Restorative Justice is an emerging program at PRES. Responding to unwanted or unexpected behaviors is not one size fits all. Consequences and discipline center on educating students on repairing harm to individuals and also to others who may have been witnesses, including the stress or harm to those responding to intervene to escalated behaviors. Understanding the reasons for behaviors is complicated but critical. If there are sensory issues, past or current trauma, lagging skills, or systems that have negatively impacted a child’s development and trust for example, then those factors need to be recognized. If a student doesn’t know how to solve a problem then punishment doesn’t fix that. Children might need to see things from the other person’s point of view or pause before assuming and quickly lashing out. These are skills that require teaching, practice, and re-teaching.
Mission Control and Peace Corners
Everyone needs a break once in a while. Learning to recognize emotions and deal with them so they don’t run the show is hard. We teach a common language, The Zones of Regulation, to help students verbalize feelings and then we practice ways to transition from silly, sleepy, hurt or furious back to The Green Zone, and ready to learn. Taking a 5 minute break to let stuff go happens in the class Peace Corner, or Mission Control in our quiet school space. Having a tool (not a toy) to refocus can help redirect the mind to a ready to learn place or be ready to problem solve a poor choice. Being in a Red Zone is not the time to make a plan, or to discuss an effective consequence and repair harm. The calm spaces allow others to keep learning while someone else feels supported to manage their voice level or body language. These spaces are not used for large scale emotions or physical responses. Safety is always the priority. Young adults are given support and patience while learning to drive, with hours and hours of practice. Our youngest people deserve the same calm and respect learning to manage feelings. Another school wide piece to help students regulate is our Voice Level Chart, visible in every setting, including on the busses. Visual reminders are an effective way to help young minds succeed because expectations are easy to remind and they know everyone gets the same message.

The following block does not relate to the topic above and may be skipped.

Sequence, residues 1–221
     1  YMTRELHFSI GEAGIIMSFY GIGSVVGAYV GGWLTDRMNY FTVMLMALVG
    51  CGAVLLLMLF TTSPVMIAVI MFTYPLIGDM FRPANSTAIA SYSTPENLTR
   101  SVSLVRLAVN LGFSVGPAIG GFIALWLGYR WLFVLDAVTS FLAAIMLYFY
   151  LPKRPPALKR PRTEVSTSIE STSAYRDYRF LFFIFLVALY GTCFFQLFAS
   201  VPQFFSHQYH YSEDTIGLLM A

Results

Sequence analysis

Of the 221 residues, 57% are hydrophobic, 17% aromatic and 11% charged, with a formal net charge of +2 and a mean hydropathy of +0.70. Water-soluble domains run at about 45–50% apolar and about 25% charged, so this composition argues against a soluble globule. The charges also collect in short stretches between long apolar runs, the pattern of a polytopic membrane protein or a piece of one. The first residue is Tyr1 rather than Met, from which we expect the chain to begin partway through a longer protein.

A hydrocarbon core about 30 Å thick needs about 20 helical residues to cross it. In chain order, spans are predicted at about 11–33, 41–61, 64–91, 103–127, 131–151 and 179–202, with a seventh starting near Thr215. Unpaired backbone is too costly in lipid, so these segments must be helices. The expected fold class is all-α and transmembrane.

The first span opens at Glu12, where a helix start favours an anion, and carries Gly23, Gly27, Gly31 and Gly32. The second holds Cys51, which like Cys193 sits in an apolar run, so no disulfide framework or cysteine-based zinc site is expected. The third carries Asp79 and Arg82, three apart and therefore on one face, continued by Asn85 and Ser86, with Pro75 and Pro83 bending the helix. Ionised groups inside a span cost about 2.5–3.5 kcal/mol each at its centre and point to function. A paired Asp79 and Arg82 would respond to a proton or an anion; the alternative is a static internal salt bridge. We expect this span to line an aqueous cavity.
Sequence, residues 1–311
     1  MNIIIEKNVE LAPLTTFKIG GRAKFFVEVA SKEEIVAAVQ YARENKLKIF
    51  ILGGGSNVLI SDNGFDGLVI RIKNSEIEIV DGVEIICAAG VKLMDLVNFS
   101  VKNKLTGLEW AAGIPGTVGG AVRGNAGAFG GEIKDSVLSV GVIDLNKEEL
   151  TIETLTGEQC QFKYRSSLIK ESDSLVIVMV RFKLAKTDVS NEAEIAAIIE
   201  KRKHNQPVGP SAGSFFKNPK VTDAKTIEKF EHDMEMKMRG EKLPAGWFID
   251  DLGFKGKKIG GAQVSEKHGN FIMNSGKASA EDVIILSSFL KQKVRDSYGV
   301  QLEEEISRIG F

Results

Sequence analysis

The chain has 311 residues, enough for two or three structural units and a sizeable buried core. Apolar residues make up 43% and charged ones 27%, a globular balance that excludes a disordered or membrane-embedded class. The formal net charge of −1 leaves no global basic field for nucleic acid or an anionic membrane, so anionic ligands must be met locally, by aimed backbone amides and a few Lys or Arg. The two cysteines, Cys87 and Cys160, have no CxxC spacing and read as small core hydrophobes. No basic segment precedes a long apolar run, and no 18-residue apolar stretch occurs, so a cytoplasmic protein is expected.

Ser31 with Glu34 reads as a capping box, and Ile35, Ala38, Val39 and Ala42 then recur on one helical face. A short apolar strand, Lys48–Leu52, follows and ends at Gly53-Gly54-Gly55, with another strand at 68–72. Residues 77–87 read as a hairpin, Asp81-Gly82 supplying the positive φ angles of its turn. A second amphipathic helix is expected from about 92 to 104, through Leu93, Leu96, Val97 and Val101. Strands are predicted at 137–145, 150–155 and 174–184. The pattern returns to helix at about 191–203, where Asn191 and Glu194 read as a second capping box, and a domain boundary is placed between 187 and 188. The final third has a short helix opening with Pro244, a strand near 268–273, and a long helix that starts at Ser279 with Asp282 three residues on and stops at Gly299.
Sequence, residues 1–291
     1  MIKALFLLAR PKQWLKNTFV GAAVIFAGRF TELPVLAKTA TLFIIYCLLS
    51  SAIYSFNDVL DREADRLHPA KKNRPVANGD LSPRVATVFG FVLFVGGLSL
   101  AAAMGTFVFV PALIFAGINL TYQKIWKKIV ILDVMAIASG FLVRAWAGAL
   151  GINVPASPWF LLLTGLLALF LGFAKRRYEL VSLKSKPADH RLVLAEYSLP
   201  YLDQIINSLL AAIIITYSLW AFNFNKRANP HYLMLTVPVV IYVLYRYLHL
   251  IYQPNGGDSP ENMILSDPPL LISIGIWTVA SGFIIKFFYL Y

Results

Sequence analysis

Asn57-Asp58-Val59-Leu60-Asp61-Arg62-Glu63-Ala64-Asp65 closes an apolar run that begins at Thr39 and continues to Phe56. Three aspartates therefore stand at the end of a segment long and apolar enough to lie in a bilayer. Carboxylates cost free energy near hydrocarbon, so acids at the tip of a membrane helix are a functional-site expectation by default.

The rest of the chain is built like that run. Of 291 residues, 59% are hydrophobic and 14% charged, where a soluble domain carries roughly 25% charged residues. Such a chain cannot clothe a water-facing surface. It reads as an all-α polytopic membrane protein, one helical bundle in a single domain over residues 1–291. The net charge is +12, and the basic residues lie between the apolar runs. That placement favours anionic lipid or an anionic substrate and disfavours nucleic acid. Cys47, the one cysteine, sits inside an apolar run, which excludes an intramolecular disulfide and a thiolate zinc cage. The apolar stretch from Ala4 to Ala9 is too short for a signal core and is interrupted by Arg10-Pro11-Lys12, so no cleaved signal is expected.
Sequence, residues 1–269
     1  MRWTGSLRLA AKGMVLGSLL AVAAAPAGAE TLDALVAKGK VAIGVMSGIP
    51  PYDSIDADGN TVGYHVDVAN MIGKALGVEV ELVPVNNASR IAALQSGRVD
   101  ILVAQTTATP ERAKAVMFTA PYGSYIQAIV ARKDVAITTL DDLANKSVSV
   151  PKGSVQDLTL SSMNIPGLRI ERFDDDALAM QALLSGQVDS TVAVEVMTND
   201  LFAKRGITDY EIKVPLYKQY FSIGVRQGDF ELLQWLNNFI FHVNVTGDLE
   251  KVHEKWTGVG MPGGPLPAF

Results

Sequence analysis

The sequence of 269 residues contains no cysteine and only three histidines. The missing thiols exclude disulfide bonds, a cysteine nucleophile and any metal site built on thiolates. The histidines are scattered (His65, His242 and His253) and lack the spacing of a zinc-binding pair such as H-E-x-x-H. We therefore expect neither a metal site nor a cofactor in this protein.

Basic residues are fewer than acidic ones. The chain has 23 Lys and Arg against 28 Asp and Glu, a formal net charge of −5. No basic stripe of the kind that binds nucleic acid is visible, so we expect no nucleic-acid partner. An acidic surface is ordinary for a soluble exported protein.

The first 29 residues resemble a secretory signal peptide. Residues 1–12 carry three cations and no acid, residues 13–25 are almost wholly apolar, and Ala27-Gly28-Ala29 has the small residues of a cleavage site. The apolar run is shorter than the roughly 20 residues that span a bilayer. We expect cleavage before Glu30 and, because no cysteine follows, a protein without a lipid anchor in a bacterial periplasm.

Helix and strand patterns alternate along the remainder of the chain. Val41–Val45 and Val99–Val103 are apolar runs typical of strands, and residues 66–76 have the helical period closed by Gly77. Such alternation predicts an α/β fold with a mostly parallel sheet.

Caring School Communities
PRES adopted a social and emotional learning curriculum in 2020 to supplement what our counselors already use. This program builds classroom community relationships through morning meetings that allow a proper greeting, a check in on emotional readiness to learn, and a weekly focus on character. A component to guide classroom meetings to discuss issues and resolve conflict so that learning can genuinely continue is also included. A school to family activity to help students use their new skill at home may be sent home Mondays to be returned Fridays.